VINTAGE (vin'tij) adj.
Updated: Oct 24, 2019
Tea sets and Chippendale, Prada and Baccarat; all under one roof. Forget about hopping a flight to the hallowed halls of Harrods. It’s all in your own back yard! In this corner, an elegant seating area, tricked out with sleek sofa and leather wing chairs for dads and kids too bored to be bothered. A few steps away, glass cases boasting coveted still life paintings and crystal goblets. (Waterford on the front cover). There’s the boutique women’s wear section; cocktail gowns and furs. For men, Brooks Brother, Burberry and Boss rule. And, of course, furniture: A regency dining table here, a scan design chair over there. Never heard of the place? Well, here’s your official notice: Vintage, Etc. is here to cure your shop-‘til-you-drop syndrome. And… it’s all pennies on the dollar!
But do NOT call it a “thrift” store. No smelly stuff piled helter skelter in a musty humid warehouse. This is Vintage, Etc. a unique concept in the world of, shall we say, “pre-owned”.
And, once you meet the woman behind the wonder, it all makes sense. Ann Morrick should have her own T.V. show. Funny elegant, tough and tender, she’s a buzzsaw of determination wrapped in silk and diamonds, Jimmy Choos, and Coco Chanel; sort of a real life Oprah: “Come here, baby, give me a hug”! She doesn’t need the paltry paycheck, and certainly not the headaches, but Ann loves herself some Jesus, and has a heart for helping others. “It’s about meeting needs and being a blessing.”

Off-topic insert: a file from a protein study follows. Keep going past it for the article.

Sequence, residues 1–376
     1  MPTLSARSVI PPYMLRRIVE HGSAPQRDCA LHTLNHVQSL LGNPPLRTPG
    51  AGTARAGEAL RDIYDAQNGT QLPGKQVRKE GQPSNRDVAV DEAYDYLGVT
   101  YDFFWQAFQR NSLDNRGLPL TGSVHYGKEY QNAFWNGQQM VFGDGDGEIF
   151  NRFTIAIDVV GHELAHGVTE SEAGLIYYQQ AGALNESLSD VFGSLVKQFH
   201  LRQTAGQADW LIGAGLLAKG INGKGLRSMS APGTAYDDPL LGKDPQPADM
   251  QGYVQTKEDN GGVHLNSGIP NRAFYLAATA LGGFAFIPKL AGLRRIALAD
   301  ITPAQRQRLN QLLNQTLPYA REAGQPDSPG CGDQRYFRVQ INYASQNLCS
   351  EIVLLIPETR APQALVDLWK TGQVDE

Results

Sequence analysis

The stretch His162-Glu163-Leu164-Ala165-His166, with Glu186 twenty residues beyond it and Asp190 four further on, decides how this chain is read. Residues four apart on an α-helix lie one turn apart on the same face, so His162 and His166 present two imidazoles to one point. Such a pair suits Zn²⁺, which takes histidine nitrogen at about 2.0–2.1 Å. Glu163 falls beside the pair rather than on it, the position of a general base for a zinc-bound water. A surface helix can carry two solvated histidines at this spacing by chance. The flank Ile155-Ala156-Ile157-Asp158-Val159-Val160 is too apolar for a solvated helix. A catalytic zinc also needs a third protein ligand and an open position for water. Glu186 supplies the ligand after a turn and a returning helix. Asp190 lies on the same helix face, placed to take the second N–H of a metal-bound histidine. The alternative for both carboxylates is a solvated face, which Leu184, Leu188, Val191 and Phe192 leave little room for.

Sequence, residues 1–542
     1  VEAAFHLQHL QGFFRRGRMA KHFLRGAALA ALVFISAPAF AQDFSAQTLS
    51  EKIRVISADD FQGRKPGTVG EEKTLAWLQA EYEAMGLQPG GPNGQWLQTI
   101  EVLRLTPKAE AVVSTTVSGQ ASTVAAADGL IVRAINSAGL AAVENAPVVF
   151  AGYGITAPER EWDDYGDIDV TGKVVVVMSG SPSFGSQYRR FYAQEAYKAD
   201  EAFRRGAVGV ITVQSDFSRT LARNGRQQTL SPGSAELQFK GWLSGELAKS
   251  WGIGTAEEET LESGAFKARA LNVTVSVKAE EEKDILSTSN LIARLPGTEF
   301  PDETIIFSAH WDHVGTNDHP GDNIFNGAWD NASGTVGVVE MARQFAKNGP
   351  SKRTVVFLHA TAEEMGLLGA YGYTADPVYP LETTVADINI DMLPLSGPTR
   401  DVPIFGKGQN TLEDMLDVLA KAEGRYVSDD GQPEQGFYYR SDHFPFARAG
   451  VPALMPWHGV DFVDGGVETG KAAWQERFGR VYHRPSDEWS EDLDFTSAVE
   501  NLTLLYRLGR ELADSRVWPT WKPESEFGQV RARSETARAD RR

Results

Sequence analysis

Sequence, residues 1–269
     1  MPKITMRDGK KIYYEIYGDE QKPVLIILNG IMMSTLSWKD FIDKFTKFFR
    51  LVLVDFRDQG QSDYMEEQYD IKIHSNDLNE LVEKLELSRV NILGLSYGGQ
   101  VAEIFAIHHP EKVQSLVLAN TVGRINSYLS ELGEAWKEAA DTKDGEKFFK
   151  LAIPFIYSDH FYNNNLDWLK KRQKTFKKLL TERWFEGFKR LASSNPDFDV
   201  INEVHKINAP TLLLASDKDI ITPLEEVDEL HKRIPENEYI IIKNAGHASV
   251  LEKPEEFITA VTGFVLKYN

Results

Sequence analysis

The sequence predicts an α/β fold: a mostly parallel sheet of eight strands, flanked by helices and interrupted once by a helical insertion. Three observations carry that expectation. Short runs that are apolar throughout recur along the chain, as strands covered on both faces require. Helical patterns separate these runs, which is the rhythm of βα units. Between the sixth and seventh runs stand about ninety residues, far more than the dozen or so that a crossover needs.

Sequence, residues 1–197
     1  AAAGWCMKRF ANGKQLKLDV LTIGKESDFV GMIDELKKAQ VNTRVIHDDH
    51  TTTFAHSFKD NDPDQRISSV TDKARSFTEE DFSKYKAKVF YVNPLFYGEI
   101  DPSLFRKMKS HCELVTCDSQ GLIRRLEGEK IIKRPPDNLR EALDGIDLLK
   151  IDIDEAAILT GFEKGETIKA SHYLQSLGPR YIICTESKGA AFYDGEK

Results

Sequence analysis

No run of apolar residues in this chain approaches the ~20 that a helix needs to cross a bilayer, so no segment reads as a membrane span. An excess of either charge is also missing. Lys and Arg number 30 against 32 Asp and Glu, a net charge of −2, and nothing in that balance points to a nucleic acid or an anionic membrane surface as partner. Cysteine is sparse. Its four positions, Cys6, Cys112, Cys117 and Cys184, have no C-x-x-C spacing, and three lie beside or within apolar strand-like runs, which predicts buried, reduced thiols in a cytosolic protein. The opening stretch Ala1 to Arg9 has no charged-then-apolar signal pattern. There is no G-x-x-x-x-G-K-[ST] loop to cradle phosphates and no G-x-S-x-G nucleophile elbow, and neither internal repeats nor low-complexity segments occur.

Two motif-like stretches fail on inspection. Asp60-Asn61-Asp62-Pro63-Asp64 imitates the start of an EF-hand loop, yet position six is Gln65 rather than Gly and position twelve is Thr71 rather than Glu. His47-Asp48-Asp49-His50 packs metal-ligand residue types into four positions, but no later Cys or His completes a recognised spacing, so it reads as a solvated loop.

Vintage is a ministry of grace family church. After she pays the light bill, all of the money goes to dozens of local and global missions supported by the church, Ann’s unique approach ensuring there’s plenty of profit for spreading the spiritual, physical, and emotional, and material needs of the gospel.
A few years back the Grace pastor approached Ann about the idea of a thrift store. She did some research and quickly set some standards pros in the field said were impossible. It’s based on her four “NOTS’. The store will NOT: Smell like, fell like, look like a thrift store, and “thrift” will not be in the name.
A former “Professional Beggar” for the Catholic Archdiocese, Ann doesn’t take no for an answer: she convinced consignment store to take a tax break and donate things that wouldn’t sell, used the same approach for unclaimed clean clothes from area dry cleaners, and ditto for used furniture store, stuff Vintage can easily, cheaply “re-hab”.
Ann’s mantra is: Excellence that reflects the integrity of the gospel. Her staff is trained to treat those who arrive by Bentley of bus, all the same way; “It’s not about the sale, it’s about serving and meeting the needs of the person.”
Do yourself (and someone else) a favor. Aim your Bentley or your bike to Gandy and Manhattan. And, if you take in this Newsletter you’ll automatically get an extra 20% off your entire purchase!